The University of California - Merced, founded in 2005, proposes an ADVANCE IT Catalyst project entitled Gaining Representation of Women ? Systematically Transforming Excellence in Merced (GROW - STEM). This project will take the initial steps towards increasing the participation of women in academic STEM careers at UC Merced. Specifically, the project will undertake three specific aims: 1) collect baseline data to inform on the status of women in STEM fields at UC Merced, including identification of specific barriers to their recruitment, retention and advancement; 2) collaborate with other exemplar campuses to identify best practices that have the potential to improve the climate for women STEM faculty at UC Merced and that fit UC Merced?s institutional ethnography; and 3) develop a data-driven plan to improve the work climate for women STEM faculty at UC Merced and increase the numbers and diversity of faculty in STEM fields. The involvement of leadership at multiple levels on the UC Merced campus in GROW-STEM will help to achieve institutional buy-in, awareness and support for future activities that support women faculty in STEM fields.
Intellectual Merit: UC Merced GROW-STEM will build upon previous research in the fields of gender equity and organizational change. GROW-STEM will also build upon well-established principles to conduct self-assessment activities. Development of a database for storing assessment data will provide a future resource to researchers involved in institutional transformation activities as well as campus administrators.
Broader Impacts: Project activities will create more women faculty role models and thus transform the experiences of students who study in STEM fields at UC Merced. The project activities will also provide opportunities to build sustainable collaborative partnerships with exemplar institutions. Most importantly, this project will serve as a model for other newly-developing institutions requiring a blueprint for the inclusion of gender equity in institutional culture.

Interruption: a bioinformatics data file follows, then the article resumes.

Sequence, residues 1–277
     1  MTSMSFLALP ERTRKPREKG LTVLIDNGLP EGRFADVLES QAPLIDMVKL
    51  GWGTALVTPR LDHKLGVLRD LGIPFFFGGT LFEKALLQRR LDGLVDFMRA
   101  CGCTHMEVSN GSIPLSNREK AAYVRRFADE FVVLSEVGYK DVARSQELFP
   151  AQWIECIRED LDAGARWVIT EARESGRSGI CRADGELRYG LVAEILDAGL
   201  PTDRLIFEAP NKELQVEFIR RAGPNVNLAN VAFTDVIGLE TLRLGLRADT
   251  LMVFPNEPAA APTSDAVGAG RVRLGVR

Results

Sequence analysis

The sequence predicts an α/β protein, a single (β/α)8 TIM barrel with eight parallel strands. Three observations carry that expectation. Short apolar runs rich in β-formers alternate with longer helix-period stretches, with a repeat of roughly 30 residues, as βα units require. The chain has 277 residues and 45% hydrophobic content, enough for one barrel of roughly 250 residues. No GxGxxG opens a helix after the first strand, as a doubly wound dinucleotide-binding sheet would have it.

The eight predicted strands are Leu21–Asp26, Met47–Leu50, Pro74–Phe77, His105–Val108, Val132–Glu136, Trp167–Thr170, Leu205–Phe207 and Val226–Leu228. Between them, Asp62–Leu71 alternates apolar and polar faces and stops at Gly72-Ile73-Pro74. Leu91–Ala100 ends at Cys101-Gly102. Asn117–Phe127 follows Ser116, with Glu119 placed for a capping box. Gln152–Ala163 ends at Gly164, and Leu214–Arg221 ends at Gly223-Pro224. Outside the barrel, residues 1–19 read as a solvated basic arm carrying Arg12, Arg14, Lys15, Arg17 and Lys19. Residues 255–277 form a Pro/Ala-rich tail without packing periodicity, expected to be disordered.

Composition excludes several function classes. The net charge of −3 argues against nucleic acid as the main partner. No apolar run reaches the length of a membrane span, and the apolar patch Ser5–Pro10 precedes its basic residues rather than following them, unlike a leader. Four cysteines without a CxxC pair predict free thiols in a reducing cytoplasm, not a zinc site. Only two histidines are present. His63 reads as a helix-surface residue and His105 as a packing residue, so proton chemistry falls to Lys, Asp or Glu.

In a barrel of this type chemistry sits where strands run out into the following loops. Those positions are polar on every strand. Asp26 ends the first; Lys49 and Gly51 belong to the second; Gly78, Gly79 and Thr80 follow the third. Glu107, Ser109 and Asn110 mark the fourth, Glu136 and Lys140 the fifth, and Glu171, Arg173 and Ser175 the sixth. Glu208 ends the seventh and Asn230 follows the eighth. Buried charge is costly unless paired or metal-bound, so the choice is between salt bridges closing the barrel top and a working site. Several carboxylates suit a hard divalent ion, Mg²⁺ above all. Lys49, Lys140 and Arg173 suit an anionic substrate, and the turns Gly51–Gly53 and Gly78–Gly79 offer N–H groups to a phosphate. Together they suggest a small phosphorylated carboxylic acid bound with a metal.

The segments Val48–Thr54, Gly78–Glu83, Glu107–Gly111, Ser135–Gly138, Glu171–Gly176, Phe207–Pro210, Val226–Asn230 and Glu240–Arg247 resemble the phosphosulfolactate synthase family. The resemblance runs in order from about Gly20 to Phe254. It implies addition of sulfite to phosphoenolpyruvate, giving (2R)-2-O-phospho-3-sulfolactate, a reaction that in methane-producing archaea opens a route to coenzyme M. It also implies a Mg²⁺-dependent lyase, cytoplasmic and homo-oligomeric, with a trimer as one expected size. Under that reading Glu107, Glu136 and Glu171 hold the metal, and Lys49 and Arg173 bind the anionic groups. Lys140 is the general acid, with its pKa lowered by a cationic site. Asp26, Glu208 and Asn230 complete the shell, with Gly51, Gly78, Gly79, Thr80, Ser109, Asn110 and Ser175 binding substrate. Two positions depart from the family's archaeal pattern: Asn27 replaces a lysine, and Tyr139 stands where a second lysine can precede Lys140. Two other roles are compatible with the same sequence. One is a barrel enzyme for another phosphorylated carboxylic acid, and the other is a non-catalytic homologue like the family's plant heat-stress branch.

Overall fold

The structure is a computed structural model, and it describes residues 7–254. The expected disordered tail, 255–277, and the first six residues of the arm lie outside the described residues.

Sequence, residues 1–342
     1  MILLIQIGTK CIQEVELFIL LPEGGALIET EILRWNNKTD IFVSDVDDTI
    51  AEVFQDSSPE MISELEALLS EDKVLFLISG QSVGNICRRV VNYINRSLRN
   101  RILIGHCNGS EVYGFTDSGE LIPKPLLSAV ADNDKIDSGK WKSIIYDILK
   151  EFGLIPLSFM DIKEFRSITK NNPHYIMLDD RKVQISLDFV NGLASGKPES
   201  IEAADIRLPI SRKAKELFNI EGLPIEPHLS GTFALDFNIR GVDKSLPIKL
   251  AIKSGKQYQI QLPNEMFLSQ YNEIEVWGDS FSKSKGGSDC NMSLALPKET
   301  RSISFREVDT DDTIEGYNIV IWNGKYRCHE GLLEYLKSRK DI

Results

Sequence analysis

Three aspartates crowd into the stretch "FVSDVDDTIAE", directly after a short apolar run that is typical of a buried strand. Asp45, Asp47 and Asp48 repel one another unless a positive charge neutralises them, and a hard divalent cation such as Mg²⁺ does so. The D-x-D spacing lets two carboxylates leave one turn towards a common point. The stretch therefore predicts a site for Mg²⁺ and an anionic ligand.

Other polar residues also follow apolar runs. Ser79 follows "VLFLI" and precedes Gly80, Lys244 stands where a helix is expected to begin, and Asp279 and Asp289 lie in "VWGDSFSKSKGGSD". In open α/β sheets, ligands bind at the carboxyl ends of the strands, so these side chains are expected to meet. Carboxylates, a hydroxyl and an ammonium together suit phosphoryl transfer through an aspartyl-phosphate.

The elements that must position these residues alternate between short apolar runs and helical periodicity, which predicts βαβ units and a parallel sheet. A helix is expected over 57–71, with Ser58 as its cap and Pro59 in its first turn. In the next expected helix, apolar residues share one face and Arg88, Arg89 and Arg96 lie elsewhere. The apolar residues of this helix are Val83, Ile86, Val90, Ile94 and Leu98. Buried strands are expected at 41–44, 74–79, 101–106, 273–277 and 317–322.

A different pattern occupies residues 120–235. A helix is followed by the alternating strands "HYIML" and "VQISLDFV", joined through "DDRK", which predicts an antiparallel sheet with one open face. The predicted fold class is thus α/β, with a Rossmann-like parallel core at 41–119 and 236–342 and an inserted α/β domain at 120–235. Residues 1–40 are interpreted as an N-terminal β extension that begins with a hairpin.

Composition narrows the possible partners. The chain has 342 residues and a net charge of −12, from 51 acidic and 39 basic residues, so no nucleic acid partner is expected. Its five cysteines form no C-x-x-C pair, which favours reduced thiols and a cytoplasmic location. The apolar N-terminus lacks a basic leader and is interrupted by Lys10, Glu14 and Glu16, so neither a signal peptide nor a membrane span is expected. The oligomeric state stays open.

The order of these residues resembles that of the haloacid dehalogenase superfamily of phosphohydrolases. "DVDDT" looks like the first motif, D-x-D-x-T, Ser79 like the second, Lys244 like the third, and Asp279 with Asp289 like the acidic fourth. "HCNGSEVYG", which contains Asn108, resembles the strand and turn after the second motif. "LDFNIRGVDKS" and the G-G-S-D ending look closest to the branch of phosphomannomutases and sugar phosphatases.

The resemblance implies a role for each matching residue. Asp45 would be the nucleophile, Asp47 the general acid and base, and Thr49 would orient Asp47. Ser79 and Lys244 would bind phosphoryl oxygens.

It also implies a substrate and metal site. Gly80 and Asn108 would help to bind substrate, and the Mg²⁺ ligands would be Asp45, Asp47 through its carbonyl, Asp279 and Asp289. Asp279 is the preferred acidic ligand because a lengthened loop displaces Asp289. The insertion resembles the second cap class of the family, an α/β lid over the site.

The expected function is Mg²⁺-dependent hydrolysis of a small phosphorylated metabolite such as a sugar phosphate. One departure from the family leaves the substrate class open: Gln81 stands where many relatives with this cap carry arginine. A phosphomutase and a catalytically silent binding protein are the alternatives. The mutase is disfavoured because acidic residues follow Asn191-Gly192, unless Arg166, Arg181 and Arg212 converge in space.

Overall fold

The main goals of this project were to collect data on the status of women faculty at UC Merced, compare with best practices at other institutions, and develop a plan to improve the work climate for women and increase diversity of faculty. Therefore, we conducted a climate survey, which focused on career satisfaction and asked about perceptions of fair treatment of women. The response from faculty was enthusiastic, with 86% of the faculty responding to the survey. A climate survey report was written based on the results from the climate survey and analyzed areas that need improvement in order to recruit and retain women at UC Merced. The two main problems identified were insufficient mentoring of young faculty at UC Merced, and lack of work opportunities for spouses of faculty. These results were presented to faculty and administrators at UC Merced. In response, UC Merced is developing a centralized mentoring program for young faculty, and is working closely with faculty hiring committees to assure that efforts are made to increase faculty diversity. A series of events relating to professional development are being started. For example, regular events relating to professional development are planned, related to topics such as "networking", "managing a laboratory", "promotions and tenure", "applying for federal grants".